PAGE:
Mental illness reminds us we’re broken. My anxiety has taught me I can’t control today or tomorrow—only God can.
I believe in the sovereignty of God…theoretically. But actually submitting my life to His will is another story.
Daily submission, even when I don’t want to submit, is the key to turning out-of-control thoughts into God-is-in-control belief.
My anxiety reminds me of the fallen state of my body. It gives me eyes to see my inability and God’s ability.
2. It Reveals Deep Longing for Something More.
I’m an emotional person. My affections drive me. But sometimes they also get me into trouble.
When my affections get the best of me, this is when anxiety and depression creep into my life. You see, my affections seem to overwhelm me most when I think about the future.
Simply put: I can’t control the future. I tend to worry about it and then seek to control the worry. To quote Charlie Brown, “My anxieties have anxieties!”
It’s an endless, vicious cycle. However, it’s in these moments I realize my deepest longing. This longing is not temporal but eternal.
And only Jesus can satisfy that longing today and every day throughout eternity.
My anxiety creates a fresh insight into faith and my walk with Christ. My anxiety causes me to long for another world.
Like C.S. Lewis said, “If we find ourselves with a desire that nothing in this world can satisfy, the most probable explanation is that we were made for another world.”
3. It Frees Us from Unrealistic Expectations.
This seems ironic, doesn’t it? Unrealistic expectations are usually what cause anxiety. My anxiety and depression are helpful reminders that the expectations I place on myself might not be from God.
Then I remember the words of our Lord: “Come to me, all of you who are weary and burdened, and I will give you rest…my yoke is easy and my burden is light” (Matthew 11:28-30). The same person who said, “Don’t worry,” is the one who also says, “Come to me.”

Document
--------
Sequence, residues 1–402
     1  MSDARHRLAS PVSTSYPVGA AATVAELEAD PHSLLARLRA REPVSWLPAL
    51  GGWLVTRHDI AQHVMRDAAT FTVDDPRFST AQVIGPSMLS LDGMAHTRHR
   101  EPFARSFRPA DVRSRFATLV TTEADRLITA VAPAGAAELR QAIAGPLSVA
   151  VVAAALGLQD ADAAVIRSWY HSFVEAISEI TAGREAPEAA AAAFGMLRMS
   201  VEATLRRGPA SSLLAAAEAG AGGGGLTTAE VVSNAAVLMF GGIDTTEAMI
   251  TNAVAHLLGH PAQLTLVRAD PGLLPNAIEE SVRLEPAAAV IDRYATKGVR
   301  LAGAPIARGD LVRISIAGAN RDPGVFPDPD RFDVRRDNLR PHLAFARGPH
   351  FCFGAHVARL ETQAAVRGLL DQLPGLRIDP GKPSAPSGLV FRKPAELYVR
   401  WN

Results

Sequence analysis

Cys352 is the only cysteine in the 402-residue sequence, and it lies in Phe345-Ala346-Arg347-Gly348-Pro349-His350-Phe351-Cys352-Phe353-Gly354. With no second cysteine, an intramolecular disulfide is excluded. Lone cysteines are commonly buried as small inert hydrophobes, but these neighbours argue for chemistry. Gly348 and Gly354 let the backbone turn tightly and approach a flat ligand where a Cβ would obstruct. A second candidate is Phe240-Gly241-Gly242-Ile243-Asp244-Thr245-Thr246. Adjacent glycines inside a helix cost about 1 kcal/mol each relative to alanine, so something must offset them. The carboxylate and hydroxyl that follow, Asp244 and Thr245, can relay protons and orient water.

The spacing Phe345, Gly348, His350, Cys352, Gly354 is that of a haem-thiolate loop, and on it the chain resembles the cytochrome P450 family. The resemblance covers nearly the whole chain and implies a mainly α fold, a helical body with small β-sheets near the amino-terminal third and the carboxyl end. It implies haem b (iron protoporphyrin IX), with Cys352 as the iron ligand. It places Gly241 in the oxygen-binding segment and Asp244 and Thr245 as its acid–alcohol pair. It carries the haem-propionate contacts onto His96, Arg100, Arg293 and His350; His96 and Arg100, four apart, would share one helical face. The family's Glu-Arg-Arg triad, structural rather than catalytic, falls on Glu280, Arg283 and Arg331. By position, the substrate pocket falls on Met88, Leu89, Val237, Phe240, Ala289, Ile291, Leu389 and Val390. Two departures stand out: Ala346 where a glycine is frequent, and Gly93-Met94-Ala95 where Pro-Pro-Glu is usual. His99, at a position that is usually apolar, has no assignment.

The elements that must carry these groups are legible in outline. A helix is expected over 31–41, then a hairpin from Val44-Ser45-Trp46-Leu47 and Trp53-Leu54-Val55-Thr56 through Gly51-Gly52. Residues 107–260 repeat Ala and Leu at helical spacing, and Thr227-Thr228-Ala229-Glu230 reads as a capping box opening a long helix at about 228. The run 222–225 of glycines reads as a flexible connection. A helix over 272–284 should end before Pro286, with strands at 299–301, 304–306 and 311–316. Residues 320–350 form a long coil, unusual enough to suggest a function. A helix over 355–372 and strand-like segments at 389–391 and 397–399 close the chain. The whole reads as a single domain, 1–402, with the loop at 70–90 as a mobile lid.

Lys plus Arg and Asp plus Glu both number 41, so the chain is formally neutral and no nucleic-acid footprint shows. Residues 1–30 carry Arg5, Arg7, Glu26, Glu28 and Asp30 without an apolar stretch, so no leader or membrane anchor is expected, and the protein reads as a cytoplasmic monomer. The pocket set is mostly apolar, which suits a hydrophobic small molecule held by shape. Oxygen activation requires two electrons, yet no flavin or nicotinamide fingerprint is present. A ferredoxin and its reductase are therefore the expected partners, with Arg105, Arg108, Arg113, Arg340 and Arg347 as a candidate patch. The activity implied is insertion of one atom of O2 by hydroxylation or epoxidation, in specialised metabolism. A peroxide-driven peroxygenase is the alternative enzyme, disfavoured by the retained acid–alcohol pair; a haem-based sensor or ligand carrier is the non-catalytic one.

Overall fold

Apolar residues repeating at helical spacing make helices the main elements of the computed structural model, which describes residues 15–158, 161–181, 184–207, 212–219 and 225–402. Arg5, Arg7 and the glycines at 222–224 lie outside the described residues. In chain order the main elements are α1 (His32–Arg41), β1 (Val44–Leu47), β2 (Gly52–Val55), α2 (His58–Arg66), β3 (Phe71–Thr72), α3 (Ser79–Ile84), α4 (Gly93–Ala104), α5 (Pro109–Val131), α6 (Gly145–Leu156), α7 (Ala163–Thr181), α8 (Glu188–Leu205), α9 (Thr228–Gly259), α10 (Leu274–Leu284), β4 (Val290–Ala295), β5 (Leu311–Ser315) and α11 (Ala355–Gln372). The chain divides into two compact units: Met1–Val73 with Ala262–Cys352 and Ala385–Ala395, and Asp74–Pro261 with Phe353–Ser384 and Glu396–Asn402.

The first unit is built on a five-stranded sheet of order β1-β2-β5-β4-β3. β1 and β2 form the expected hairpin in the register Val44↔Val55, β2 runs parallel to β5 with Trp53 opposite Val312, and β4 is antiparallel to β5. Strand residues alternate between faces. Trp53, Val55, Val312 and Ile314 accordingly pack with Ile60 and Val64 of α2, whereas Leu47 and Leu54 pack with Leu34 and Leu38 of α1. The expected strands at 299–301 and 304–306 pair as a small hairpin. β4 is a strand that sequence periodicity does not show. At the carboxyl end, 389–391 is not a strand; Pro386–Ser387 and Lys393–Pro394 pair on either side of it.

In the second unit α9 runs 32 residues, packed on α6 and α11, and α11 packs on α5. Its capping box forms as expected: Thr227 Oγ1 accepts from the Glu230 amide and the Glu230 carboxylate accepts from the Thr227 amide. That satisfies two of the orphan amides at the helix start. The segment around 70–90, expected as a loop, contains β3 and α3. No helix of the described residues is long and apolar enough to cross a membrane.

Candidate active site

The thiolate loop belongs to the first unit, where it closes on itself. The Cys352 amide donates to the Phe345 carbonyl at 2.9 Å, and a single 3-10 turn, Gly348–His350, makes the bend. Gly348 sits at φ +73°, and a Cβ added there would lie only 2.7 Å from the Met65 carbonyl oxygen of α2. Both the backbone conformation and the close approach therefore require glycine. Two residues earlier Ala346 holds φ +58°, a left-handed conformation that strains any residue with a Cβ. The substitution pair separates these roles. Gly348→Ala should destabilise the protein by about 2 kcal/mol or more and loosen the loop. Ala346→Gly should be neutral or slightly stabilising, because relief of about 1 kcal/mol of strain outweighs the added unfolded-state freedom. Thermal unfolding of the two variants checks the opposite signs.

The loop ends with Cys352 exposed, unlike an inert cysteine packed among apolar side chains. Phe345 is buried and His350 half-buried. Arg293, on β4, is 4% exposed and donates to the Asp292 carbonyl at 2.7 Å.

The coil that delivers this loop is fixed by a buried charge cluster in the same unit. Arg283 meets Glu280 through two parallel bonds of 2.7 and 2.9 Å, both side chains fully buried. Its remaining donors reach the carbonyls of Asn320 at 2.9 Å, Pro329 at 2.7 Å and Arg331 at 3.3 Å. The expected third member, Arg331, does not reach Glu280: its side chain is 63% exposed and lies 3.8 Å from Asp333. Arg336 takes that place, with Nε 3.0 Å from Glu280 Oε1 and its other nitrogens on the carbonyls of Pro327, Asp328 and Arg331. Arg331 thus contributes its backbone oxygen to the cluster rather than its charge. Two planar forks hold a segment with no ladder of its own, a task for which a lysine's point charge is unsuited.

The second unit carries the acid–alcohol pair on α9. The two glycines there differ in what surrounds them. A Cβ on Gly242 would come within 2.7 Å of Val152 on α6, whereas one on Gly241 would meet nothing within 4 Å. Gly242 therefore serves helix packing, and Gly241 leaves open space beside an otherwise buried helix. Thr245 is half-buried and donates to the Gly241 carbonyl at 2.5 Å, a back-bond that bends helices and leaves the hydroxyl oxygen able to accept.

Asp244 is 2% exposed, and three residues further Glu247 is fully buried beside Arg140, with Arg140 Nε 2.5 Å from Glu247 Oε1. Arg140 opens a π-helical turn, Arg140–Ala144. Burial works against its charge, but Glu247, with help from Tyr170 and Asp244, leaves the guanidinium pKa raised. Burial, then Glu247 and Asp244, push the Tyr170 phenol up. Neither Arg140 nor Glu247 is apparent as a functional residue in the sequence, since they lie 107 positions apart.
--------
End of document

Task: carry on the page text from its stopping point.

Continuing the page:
When I feel the anxiety of unrealistic expectations, Christ is there inviting me to come rest in Him.
This mental illness, though a thorn in my flesh, actually proves Paul right when he quotes the Lord saying, “My grace is sufficient for you, for my power is perfected in weakness” (2 Corinthians 12:9).
4. It Allows Us to be Open About the Struggle.
The worst part about mental illness is that many don’t understand it. In our culture, mental illness is still somewhat taboo.
This is also true within the church. However, my anxiety has allowed me to be open about my struggle. Sometimes being authentic can cause some to feel uncomfortable, but for me, it’s a way of healing.
It’s freeing to let people know I’m not always OK. Hiding anxiety was the root of my struggle. The thought of what others would say about the pastor and his struggles terrified me.
But allowing people to know I’m an already-but-not-yet resurrected and fallen man is liberating. I don’t have to put on a face; I’m becoming who I’m supposed to be in Christ.
Struggling with mental illness is not the end of the story. Yes, it’s painful. Yes, it doesn’t make sense sometimes. But Christ is our identity.
Though we may have an anxious or depressed soul, Christ calms the seas of our fears. He’s the balm for our wounds.
Commit your struggles to the Lord, speak openly about them, and finally, seek help. You’re not alone; don’t suffer in silence.